UK - The UK government must not delay the introduction of auto-enrolment, the National Association of Pension Funds (NAPF) has warned, saying that any change in the reform's timetable would be 'highly damaging" to retirement prospects.
The warning comes ahead the autumn budget statement by chancellor of the exchequer George Osborne and amid reports that an unpublished government paper has recommended a change to the timetable of soft compulsion for small and medium-sized enterprises (SMEs).
Joanne Segars, the NAPF's chief executive, said that, while delays or exemptions for auto-enrolment might offer the government short-term political gain in the current environment of slow growth, the longer-term effects would be highly damaging.
"When it comes to pensions, the government must stick to Plan A," Segars said, referencing the term used by Osborne in regards to his economic strategy.
"These reforms are a once in a lifetime opportunity to help tackle the UK's pensions saving crisis. These reforms have been a decade in the making, and now is the time to press play, not pause."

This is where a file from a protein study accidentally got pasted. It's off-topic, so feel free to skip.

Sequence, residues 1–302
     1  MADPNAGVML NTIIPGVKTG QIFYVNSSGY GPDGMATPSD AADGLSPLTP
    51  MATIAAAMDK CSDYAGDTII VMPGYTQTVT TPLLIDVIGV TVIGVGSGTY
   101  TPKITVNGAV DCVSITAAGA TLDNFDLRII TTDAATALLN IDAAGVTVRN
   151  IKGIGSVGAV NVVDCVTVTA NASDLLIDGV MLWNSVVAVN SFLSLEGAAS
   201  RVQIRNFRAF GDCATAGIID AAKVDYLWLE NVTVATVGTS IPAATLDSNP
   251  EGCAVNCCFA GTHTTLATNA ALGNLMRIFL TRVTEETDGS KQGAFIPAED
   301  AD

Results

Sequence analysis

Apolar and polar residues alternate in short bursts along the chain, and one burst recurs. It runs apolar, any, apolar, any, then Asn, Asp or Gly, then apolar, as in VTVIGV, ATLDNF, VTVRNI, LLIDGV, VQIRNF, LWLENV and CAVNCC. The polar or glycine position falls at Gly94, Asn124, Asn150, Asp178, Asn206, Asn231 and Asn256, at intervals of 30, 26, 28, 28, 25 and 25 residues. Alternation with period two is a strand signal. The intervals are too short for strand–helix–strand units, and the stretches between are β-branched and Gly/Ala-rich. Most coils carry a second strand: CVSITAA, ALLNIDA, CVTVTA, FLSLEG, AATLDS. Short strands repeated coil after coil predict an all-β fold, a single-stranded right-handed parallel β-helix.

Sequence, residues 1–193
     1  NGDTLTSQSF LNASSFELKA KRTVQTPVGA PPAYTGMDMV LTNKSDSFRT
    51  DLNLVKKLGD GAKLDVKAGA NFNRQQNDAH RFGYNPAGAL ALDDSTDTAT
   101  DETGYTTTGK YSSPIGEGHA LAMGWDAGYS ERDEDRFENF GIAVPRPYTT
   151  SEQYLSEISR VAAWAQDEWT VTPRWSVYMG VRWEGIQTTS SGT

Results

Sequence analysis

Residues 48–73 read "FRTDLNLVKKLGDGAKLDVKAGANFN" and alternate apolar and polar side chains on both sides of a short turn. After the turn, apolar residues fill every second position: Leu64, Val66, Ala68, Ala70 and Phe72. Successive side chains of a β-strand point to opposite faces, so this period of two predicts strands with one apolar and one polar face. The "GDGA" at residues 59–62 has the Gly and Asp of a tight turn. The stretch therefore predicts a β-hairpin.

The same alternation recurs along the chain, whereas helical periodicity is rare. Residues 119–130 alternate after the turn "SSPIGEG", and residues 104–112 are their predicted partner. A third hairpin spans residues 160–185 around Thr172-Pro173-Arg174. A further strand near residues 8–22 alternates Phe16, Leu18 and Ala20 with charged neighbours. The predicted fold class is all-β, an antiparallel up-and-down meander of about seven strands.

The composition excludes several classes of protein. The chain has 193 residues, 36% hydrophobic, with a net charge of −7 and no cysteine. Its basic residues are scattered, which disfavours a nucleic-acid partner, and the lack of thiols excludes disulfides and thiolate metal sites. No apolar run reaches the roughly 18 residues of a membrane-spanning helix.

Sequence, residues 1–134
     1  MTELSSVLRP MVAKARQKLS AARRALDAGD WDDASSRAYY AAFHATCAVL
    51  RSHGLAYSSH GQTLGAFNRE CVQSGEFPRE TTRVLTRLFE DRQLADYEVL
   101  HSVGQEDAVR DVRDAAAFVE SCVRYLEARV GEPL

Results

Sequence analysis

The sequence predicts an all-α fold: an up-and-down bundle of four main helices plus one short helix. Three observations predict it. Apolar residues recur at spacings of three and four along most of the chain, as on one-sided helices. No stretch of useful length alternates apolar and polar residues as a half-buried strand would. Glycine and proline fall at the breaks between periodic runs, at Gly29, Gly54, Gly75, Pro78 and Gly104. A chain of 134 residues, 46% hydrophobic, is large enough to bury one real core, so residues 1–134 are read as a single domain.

Segars said small firms were essential to making the reforms work, noting that, of the 9m expected to enrol through the new reforms, around one-third would be employees of SMEs.
"Exempting them or delaying their start would put them at risk of a retirement spent in poverty," Segars said.
Current timetables for auto-enrolment will see large employers affected first, from autumn next year, with SMEs only compelled by law from 2014 onward.
The confidential report, authored by Dawn Capital chairman Adrian Beecroft, was leaked to a number of national newspapers last month ahead of the NAPF's annual conference.
At the time, former Labour chancellor Alistair Darling said that, while government was "of course" considering delaying the timetable, a delay of longer than 12 months would be fatal.
"If you put this off for more than a year, you are effectively saying 'it ain't gonna happen'," he said, adding that it was a "huge plank of the architecture" agreed in the Turner Report and that abandoning it would be a mistake.
"Frankly, auto-enrolment is not going to make the difference to our economy recovering or not," he said. "We've got far, far bigger problems than that."
Asked about the rumours directly at the same conference, pensions minister Steve Webb, however, was adamant that the 2012 reforms would indeed take place in 2012.